These studies pave the way for large-scale care of victims through an effective, empirically validated treatment9(Brunet, 2018 ; Boriello, 2019).
Following scientific studies of the blockage of memory reconsolidation under propranolol, Brunet developed the reconsolidation therapy™, a treatment combining the reactivation of traumatic memory under propranolol and psychotherapy by mental re-exposure to the traumatic narrative.
Treatment consists of 6 sessions. During the initial session, the patient writes the memory of the event that caused the trauma, in as precise and detailed a manner as possible, in the first person and in the present. He receives propranolol per os, at a dosage of 1mg/kg. His blood pressure and heart rate are checked, with bradycardia and hypotension being contraindications to treatment. 60 to 75 minutes after taking the beta-blocker, under the active effect of the molecule, he reads his story aloud in the presence of the therapist. This is followed by a brief closing interview during which he is free to express his views on his general state and progress. In order to assess the severity of his psychotraumatic syndrome and to measure the effects of treatment, he is asked to complete evaluation questionnaires.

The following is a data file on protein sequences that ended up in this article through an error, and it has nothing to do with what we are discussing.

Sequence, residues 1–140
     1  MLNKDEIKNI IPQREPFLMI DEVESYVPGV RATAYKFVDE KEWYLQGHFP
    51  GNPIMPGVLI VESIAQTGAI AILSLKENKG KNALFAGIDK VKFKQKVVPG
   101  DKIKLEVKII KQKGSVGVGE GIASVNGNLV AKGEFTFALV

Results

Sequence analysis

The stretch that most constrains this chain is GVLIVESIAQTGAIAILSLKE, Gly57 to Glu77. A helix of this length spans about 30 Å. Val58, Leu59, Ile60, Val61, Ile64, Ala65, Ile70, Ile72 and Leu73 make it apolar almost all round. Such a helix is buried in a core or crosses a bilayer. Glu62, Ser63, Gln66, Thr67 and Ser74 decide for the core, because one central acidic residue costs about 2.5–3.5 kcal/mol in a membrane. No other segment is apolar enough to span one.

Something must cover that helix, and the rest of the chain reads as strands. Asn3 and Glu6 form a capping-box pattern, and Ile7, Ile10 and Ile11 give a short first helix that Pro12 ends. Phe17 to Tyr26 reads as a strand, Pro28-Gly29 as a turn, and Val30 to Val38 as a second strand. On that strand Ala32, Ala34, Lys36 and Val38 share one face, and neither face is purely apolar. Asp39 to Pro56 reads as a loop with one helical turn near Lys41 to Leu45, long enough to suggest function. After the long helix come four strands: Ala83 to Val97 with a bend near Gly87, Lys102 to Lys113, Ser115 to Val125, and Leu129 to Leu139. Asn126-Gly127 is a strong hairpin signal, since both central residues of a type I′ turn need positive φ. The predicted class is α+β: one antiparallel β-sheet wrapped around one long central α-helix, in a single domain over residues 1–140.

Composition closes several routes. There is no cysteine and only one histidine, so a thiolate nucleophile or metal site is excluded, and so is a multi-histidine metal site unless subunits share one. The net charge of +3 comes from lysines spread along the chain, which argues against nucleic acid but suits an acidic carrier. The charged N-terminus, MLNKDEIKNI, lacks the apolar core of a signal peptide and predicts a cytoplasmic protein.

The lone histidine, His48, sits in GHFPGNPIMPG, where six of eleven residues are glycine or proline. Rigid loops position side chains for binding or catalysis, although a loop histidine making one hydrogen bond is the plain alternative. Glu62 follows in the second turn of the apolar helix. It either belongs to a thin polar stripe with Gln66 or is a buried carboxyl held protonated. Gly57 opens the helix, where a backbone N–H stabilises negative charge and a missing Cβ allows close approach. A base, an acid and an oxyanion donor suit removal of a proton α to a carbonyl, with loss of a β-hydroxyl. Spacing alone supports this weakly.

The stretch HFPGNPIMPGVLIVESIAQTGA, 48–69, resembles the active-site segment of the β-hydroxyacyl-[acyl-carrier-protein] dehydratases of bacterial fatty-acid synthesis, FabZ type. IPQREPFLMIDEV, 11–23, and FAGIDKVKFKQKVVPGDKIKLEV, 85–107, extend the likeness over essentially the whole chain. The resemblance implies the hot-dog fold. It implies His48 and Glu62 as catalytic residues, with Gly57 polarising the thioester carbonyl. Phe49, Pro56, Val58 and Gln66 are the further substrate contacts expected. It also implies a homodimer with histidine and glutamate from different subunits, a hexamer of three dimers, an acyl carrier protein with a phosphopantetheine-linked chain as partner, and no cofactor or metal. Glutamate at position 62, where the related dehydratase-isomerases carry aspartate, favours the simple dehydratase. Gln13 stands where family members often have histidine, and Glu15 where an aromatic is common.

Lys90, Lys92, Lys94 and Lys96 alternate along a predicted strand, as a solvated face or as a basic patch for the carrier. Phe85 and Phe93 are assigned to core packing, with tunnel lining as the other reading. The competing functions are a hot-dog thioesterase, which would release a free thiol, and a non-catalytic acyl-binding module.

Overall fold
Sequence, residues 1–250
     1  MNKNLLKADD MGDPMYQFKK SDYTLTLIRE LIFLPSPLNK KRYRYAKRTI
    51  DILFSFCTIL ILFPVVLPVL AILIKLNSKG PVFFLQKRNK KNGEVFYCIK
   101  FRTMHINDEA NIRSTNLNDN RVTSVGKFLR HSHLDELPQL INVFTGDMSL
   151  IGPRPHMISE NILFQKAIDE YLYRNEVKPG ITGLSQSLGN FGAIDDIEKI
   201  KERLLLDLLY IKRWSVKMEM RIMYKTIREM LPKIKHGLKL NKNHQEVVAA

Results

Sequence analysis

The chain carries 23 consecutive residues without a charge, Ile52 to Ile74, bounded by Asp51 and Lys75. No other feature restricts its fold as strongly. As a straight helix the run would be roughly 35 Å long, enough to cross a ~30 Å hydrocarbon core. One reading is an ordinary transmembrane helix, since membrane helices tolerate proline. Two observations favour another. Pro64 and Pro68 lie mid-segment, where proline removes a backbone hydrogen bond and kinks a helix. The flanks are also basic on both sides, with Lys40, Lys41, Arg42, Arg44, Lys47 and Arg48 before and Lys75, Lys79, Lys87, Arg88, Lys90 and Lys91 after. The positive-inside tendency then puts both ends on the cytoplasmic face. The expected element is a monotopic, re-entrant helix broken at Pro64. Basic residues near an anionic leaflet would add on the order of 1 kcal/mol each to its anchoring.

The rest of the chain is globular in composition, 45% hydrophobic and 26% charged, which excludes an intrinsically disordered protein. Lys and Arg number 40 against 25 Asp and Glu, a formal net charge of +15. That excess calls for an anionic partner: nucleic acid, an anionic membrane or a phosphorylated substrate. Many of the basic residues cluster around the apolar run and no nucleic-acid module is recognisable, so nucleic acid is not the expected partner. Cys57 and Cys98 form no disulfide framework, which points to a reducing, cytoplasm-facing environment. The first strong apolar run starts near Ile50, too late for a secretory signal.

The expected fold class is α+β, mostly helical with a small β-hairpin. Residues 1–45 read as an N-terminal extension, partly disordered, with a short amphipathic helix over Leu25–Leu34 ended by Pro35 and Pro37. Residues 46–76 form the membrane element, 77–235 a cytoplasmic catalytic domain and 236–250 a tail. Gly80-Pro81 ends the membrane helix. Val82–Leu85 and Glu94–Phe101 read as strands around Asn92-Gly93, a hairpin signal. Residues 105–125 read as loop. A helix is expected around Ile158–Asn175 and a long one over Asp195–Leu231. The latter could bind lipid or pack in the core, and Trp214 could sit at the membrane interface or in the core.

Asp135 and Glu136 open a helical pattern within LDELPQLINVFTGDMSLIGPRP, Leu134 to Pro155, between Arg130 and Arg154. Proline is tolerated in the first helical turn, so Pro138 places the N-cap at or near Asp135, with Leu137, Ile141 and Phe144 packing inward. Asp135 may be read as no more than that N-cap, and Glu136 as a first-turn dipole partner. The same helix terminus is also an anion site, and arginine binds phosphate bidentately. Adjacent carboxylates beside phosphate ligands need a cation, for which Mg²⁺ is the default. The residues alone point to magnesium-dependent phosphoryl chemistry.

Between the 4th and 6th session, the majority of patients report a marked regression in their traumatic symptoms. The emotional burden associated with the recollection of the event has decreased; the traumatic memory has turned into a commonplace bad memory.
The patient’s general condition and progress are evaluated twice in post-treatment, one week and seven weeks after the last session10.
Following the terrorist attacks in Paris in 2015 and the large number of psychological victims, France launched a research project for the care of people suffering from psychotraumatic syndrome, based on the model of the reconsolidation therapy™, known as Paris Mémoire Vive (Paris MEM). It was set up under the supervision of Professor Brunet and is promoted by Assistance publique/Hôpitaux de Paris (AP-HP).
Trauma-centred cognitive-behavioral therapy
The effectiveness of trauma-oriented cognitive-behavioral therapies has been empirically validated by numerous controlled studies (Bisson, 2010; Bisson et al., 2007, Schnuur, 2007), justifying their recommendation by the World Health Organization as first-line treatment (WHO, 2013).